I love him. He’s this amazing little human, who will laugh out of nowhere, snore in his sleep, wipe away people’s tears and when he smiles, he means it.

He has no idea how kisses work, but he knows that kisses feel nice. They make him feel fuzzy inside just like everyone else.

When Addison wants to give someone a kiss, he’ll stick his face onto theirs, pull away, look them in the eyes and smile. Those are some of the best kisses I have ever had because I have never doubted for a second that he loves me back.

He has barriers in his life that he cannot comprehend. My mother watches him board his school bus terrified, because he doesn’t have the power to tell us if anyone hurts him. The future feels like it will always be uncertain.

I will not pity him for the things that we cannot help. I refuse to see only his limits. He is inarguably authentic in all that he is, and that is more than a lot of people can say.

Every though that my brother has ever had remains a mystery to me, but I will make any sacrifice to ensure that he is safe, happy and loved. If my brother has hopes and dreams, I wish I could find out and help him reach them.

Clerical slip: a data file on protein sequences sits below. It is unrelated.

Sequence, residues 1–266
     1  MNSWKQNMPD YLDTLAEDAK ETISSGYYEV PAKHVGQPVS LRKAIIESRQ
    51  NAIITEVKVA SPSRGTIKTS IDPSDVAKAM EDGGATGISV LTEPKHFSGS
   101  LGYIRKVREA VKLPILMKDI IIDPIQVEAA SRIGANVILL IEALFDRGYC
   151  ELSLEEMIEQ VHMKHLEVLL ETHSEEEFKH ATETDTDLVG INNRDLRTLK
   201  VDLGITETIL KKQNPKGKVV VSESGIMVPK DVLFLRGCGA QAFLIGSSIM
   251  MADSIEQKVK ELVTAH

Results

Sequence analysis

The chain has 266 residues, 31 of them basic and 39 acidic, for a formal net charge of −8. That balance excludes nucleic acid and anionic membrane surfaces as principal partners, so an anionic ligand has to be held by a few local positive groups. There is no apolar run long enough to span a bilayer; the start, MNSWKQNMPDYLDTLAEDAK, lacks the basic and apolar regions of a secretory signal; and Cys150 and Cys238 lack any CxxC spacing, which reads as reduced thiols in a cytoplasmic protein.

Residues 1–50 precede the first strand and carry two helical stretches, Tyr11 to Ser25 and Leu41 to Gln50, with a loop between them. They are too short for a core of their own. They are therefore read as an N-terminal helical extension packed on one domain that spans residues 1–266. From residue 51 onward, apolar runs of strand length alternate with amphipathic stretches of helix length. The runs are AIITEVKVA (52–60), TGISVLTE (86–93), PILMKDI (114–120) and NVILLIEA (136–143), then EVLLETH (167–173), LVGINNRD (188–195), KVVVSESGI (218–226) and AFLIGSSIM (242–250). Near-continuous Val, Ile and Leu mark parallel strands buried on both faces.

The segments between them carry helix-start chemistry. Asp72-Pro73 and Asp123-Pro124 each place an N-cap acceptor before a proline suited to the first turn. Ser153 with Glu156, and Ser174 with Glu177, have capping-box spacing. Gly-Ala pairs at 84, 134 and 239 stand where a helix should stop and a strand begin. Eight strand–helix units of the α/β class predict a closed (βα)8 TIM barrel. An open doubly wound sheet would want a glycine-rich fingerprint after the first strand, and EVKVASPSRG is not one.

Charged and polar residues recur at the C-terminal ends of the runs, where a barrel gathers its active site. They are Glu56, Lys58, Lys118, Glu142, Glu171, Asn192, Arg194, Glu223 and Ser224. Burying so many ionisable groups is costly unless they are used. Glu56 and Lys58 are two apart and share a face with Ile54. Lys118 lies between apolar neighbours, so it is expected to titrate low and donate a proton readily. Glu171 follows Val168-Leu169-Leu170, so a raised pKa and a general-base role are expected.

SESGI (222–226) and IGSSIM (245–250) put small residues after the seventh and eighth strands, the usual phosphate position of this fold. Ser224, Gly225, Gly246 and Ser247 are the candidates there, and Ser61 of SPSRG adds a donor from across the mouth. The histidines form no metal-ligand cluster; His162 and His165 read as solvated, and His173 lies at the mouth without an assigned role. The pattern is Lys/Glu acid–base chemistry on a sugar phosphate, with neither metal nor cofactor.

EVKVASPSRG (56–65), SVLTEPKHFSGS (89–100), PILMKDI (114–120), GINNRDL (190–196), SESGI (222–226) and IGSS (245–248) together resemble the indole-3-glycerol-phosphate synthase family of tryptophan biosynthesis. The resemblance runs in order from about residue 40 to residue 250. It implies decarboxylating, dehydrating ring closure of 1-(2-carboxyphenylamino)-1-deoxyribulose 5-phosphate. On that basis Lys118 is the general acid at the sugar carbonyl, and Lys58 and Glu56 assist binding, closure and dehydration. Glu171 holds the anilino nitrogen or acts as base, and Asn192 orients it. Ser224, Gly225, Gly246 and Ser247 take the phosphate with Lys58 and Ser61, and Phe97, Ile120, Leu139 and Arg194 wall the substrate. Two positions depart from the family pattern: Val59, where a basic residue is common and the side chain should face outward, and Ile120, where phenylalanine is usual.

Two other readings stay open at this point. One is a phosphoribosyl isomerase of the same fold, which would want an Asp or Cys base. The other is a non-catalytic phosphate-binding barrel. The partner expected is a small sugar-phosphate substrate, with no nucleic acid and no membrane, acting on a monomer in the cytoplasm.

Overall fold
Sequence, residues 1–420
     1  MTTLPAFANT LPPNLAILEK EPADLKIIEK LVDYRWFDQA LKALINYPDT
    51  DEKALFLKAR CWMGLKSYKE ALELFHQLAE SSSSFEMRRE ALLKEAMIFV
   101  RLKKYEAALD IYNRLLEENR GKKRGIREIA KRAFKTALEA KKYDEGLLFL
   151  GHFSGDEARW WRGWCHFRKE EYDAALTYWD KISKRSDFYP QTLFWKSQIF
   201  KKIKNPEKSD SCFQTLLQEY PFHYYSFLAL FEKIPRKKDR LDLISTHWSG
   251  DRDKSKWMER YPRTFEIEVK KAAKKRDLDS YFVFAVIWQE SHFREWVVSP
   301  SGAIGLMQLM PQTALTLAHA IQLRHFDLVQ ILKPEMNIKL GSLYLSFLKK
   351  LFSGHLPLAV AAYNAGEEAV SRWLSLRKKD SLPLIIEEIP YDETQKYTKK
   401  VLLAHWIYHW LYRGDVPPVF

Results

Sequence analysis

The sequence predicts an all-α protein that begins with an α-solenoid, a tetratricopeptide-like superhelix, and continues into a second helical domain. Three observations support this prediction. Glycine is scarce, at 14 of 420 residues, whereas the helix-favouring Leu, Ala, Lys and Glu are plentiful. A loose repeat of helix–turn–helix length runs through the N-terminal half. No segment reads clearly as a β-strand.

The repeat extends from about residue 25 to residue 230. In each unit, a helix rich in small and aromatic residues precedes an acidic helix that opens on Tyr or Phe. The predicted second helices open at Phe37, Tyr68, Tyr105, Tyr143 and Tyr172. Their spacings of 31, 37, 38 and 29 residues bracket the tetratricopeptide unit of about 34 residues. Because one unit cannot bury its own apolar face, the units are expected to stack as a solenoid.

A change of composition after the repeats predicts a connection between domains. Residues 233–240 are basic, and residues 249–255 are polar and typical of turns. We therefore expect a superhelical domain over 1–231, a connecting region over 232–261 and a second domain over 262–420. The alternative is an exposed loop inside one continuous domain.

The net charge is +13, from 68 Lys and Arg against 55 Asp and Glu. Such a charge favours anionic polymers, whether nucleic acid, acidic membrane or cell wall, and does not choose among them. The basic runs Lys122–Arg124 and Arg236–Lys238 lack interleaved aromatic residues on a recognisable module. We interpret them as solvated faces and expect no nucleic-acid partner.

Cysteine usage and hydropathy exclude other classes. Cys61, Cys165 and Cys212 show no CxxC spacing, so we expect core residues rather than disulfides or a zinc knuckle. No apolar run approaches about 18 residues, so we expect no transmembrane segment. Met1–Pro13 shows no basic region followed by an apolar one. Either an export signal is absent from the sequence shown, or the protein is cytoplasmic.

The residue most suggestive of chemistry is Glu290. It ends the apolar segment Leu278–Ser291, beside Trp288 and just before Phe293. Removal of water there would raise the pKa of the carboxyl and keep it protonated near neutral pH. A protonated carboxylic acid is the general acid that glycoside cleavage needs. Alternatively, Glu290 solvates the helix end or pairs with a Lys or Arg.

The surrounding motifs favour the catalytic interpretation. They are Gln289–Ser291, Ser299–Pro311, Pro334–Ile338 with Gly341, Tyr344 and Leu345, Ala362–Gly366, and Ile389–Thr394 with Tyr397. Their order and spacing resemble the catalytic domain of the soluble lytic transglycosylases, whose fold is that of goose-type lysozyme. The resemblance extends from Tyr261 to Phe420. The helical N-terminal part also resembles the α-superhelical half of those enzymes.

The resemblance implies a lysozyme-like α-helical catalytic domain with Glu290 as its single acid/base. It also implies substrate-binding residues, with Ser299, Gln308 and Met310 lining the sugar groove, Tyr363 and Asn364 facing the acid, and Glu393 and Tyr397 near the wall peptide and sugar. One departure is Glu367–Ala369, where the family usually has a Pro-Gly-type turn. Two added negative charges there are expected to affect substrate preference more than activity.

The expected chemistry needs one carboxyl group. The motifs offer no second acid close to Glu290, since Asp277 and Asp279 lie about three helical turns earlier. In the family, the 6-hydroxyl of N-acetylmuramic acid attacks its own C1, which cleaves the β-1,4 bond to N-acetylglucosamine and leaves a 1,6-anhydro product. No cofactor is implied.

Every time April comes around, I see those autism puzzle pieces everywhere.

All that I can think of when I see those sometimes, is that I don’t know if any of those puzzle pieces is my baby brother’s favorite color. I don’t know my baby brother’s favorite color.

However, I can speak, I can write and I can share. There’s a world that I don’t know that’s trapped inside of his skull. This is the best way that I know how to fight for it.

(2) comments

Aleanna - thank you for sharing your story so eloquently. I have a daughter with cerebral palsy -- and your description of family life rings true for me. My daughter has a twin sister who could likely relate to what you say as well. Keep up the great work! ~Neva